Monday, June 28, 2010

Ads Nauseum

It’s that time of year in Sacramento when our elected representatives
grapple with the state budget, an activity that can best be compared
to the Crusades.

This Holy War pits Democrats versus Republicans, who each try to
hammer each other into submission while believing God and Good are on
their side.

Ultimately, nobody wins. The two sides pick up their wounded and live
to disagree another day.

This year, in addition to the usual ideological stalemate, there’s a
$26 billion deficit on the table, forcing the state to desperately
seek new revenue-generating ideas.

Gov. Schwarzenegger, seizing the moment, has set up a Twitter site,, that allows us all to join in the search.

A few recent entries: “More $ for higher education; less for pseudo
system of capital punishment.” “Legalize and tax marijuana. End the
war that does more harm than good.” “California has the worst
representation and the highest cost of government. There is a

“My idea is to give people cash incentives to move to other states.”
“$1 toll for all persons entering the state. Toll booths at I-5,
I-80, I-15, I-10, and charge airlines.” “Don't have a film school at
UC Berkeley ,at UCSD and another one at UCLA. Eliminate duplication.

Noble sentiments, deeply felt, but I don’t see a billion dollar idea
in there.

All is not lost, however. Riding to the rescue is Democratic State
Sen. Curren Price of Los Angeles.

Sen. Price is proposing that the state could make a bundle of cash by
requiring digital license plates that display advertising.

It’s brilliant in its simplicity. Turn every car and truck in the
state of California into a moving billboard. Why didn’t I think of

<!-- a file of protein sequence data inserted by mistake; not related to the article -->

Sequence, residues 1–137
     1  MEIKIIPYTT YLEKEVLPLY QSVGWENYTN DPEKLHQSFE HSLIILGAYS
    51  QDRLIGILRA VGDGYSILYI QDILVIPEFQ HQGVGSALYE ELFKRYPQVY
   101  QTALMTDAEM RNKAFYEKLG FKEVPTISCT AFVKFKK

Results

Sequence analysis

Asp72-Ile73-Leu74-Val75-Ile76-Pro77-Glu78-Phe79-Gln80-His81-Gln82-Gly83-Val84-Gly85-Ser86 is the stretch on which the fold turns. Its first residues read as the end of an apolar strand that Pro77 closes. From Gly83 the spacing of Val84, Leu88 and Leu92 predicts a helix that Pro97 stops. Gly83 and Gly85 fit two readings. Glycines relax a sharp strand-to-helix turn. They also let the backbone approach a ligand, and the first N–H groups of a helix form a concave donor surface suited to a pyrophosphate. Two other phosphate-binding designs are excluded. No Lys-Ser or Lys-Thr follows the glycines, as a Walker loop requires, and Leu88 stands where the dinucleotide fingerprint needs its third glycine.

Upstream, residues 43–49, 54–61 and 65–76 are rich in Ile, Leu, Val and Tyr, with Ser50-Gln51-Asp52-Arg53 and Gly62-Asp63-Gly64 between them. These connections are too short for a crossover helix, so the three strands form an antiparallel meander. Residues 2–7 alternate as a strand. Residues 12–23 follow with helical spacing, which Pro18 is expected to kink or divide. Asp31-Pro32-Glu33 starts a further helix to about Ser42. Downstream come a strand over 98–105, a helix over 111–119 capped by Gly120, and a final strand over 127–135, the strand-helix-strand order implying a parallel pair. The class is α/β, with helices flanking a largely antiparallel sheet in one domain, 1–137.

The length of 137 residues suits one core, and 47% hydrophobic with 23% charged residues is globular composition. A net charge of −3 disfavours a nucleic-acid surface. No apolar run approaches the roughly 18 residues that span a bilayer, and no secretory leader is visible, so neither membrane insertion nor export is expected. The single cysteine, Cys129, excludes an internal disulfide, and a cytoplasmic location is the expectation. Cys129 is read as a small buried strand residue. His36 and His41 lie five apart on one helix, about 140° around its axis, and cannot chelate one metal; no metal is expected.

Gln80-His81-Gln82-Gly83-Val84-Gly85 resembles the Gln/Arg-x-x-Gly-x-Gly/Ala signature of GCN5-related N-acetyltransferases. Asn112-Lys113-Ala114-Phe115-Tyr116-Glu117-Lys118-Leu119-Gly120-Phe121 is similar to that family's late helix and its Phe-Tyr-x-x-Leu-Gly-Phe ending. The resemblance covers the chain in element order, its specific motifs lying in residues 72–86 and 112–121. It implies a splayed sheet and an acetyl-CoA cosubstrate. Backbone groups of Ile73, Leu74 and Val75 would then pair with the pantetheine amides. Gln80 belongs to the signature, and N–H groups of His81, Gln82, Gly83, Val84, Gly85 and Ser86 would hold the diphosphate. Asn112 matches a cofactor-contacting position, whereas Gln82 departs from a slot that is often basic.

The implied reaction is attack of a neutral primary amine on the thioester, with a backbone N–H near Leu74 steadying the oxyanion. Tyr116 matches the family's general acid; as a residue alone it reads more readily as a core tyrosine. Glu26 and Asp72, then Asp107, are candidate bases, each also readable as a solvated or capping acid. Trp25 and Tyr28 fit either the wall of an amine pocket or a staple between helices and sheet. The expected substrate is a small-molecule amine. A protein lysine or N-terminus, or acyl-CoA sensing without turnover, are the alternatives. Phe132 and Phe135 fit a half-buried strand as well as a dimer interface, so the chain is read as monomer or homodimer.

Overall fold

Price has introduced a bill that would allow the state to begin
researching the use of electronic license plates that would mimic a
standard plate when the vehicle is in motion but would switch to
digital ads or other messages when it is stopped for more than four
seconds, whether in traffic or at a red light.

The license plate number would remain visible at all times in some
section of the screen. In emergencies, the plates could be used to
broadcast Amber Alerts or traffic information.

"We're just trying to find creative ways of generating additional
revenues," Price told the Associated Press. "It's an exciting
marriage of technology with need, and an opportunity to keep
California in the forefront."

I can hear the police dispatcher now: “Attention all units. Be on the
lookout for a stolen vehicle with a license plate frame advertising
Tidy Bowl.”

Come to think of it, product placement could be a knotty problem. Do
you want your car to flash “Viagra” every time you hit the brakes. Or
pitch mortgage lenders? Or Scientology? Or strip clubs?

How about a Meg Whitman ad on a Democrat’s car. How would a
Republican feel about having “Re-elect Nancy Pelosi” blinking from
the rear of the family sedan?

Of course, in California, if our ballots are any indication, the ads
would have to be offered in every known language from Arabic to Zuni.

And no self-respecting advertiser is going to be satisfied with a
15-second spot. He’s going to want a full minute or more. No problem.
We’ll just adjust the signals to stay red longer. Just remember as
your blood pressure rises that it’s your civic duty to help fill the
state coffers.

Then there’s the problem of hackers. I read where a group of jokers
changed one of those computerized electronic warning signs on a Texas
highway to read, “Zombies Ahead. Run for Your Lives.” Which is funny
unless the sign originally read “Bridge Out Ahead.”

Speaking of safety, do you think flashing signs on cars would boost
the accident rate substantially? It’s a body and fender man’s dream.

Nice try, Sen. Price. Why don’t you push that toll booth idea instead?

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